Record Breaking

Browse pages
Current page

1

Current page

2

Current page

3

Current page

4

Current page

5

Current page

6

Current page

7

Current page

8

Current page

9

Current page

10

Current page

11

Current page

12

Current page

13

Current page

14

Current page

15

Current page

16

Current page

17

Current page

18

Current page

19

Current page

20

Current page

21

Current page

22

Current page

23

Current page

24

Current page

25

Current page

26

Current page

27

Current page

28

Current page

29

Current page

30

Current page

31

Current page

32

Current page

33

Current page

34

Current page

35

Current page

36

Current page

37

Current page

38

Current page

39

Current page

40

Current page

41

Current page

42

Current page

43

Current page

44

Current page

45

Current page

46

Current page

47

Current page

48

Current page

49

Current page

50

Current page

51

Current page

52

Current page

53

Current page

54

Current page

55

Current page

56

Current page

57

Current page

58

Current page

59

Current page

60

Current page

61

Current page

62

Current page

63

Current page

64

Current page

65

Current page

66

Current page

67

Current page

68

Current page

69

Current page

70

Current page

71

Current page

72

Current page

73

Current page

74

Current page

75

Current page

76

Current page

77

Current page

78

Current page

79

Current page

80

Current page

81

Current page

82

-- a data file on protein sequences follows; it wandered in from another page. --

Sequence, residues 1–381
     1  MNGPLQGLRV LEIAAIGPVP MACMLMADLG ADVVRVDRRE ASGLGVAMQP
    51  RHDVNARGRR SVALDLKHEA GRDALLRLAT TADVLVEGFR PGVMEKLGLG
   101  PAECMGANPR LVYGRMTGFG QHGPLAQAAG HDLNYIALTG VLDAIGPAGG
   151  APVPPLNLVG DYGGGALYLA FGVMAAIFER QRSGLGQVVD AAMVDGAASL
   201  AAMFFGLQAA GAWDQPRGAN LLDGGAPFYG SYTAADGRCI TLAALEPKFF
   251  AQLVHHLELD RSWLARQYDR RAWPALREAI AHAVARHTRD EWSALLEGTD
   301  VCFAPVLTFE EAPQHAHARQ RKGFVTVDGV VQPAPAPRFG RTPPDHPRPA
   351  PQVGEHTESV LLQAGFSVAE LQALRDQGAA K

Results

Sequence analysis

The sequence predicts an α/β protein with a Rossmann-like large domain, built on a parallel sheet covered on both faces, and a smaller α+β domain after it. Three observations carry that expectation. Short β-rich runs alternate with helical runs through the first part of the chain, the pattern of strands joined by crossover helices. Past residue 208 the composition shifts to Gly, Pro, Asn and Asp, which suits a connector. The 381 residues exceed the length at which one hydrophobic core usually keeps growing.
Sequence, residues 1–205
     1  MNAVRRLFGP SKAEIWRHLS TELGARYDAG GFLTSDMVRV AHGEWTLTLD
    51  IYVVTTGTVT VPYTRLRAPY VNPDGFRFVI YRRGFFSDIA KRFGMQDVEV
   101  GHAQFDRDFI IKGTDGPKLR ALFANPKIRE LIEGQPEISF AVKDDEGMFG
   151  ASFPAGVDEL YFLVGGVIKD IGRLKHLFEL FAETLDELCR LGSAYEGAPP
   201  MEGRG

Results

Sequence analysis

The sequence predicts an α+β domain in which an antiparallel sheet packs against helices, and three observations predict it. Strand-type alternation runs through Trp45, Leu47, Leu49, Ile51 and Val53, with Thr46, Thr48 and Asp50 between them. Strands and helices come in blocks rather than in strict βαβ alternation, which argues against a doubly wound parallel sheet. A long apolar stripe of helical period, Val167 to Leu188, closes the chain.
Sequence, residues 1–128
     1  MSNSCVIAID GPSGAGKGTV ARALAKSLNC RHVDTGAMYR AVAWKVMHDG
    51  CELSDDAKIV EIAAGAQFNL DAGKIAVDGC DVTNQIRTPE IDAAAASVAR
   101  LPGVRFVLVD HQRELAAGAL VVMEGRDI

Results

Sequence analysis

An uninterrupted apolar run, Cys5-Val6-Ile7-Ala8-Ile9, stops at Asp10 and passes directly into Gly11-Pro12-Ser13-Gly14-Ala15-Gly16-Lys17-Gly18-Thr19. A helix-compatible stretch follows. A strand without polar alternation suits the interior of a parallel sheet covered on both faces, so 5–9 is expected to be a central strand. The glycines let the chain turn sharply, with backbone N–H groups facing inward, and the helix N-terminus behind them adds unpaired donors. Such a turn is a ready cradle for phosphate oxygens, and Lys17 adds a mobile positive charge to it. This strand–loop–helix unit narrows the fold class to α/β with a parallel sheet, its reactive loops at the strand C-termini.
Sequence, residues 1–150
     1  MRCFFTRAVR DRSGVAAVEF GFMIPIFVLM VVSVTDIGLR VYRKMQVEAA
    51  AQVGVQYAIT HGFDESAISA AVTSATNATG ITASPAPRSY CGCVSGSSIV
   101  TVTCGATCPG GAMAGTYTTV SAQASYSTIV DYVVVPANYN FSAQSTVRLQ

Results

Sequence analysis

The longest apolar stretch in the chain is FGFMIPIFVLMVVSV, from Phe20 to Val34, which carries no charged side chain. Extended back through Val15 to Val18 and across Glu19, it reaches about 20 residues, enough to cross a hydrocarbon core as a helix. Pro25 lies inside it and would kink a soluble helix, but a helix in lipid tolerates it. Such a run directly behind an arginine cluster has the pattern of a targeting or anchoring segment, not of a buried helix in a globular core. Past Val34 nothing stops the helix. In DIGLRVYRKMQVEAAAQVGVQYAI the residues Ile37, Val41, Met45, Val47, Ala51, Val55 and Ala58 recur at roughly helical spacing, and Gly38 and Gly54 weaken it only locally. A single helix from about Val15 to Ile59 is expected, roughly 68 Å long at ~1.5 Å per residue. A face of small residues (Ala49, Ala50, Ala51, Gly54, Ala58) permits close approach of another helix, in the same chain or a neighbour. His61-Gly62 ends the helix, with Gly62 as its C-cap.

Current page

83

Current page

84

Current page

85

Current page

86

Current page

87

Current page

88

Current page

89

Current page

90

Current page

91

Current page

92

Current page

93

Current page

94

Current page

95

Current page

96

Current page

97

Current page

98

Current page

99

Current page

100

Although record attempts are by no means so frequent as they were before the war, this form of high-speed motoring is not defunct. Apart from the abortive British Vita project, outlined above, Wallace Arnold Sales and Service Ltd. attempted to capture long-duration International Class G (751 to 1,100 c.c., not up to 1,000 c.c. as both British Vita and Motor seem to think) records last year, at Montlhéry. They used a Vauxhall Viva HB with a Westune-prepared, overbored HA engine. The drivers were Allerton, Brett, Bowler, Jones and Myerscough. After various troubles the attempt was called off, but not before the Vauxhall had averaged over 83 m.p.h. for three days. Incidentally, if interest revives in record-breaking one would wish for proper documentation of the position by the Competitions Department of the R.A.C. Before the war it was possible to buy, for 1s., a book giving all the World’s, International Class, C.I. and British records (note the pre-war designations), corrected up to the end of March 1938, while for a fee of 10s. a year the R.A.C. would post to anyone interested printed notices of any alteration, as soon as fresh records were confirmed by the F.I.A. Today such services would presumably be several times more expensive, but with the great increase in interest in everything to do with competition motoring, and the very many more clubs and firms involved, their re-introduction would surely be worthwhile. Short of visiting the holy archives in Pall Mall, or taking a trip to Paris, one can only keep track of the records situation by fumbling through back issues of “Automobile Year” or consulting an American Club publication to which only a limited number of interested parties has access and which can be up to 12 months out of date.

But, alas, the R.A.C. does not appear interested in encouraging record attempts, judging by the fact that successful competitors at Elvington, who set new car records, have been told that it will cost them something like 50 gns. each to have their successes homologated, whereas the A.C.U. makes no such charge for getting F.I.A. recognition of new motorcycle records.—W. B.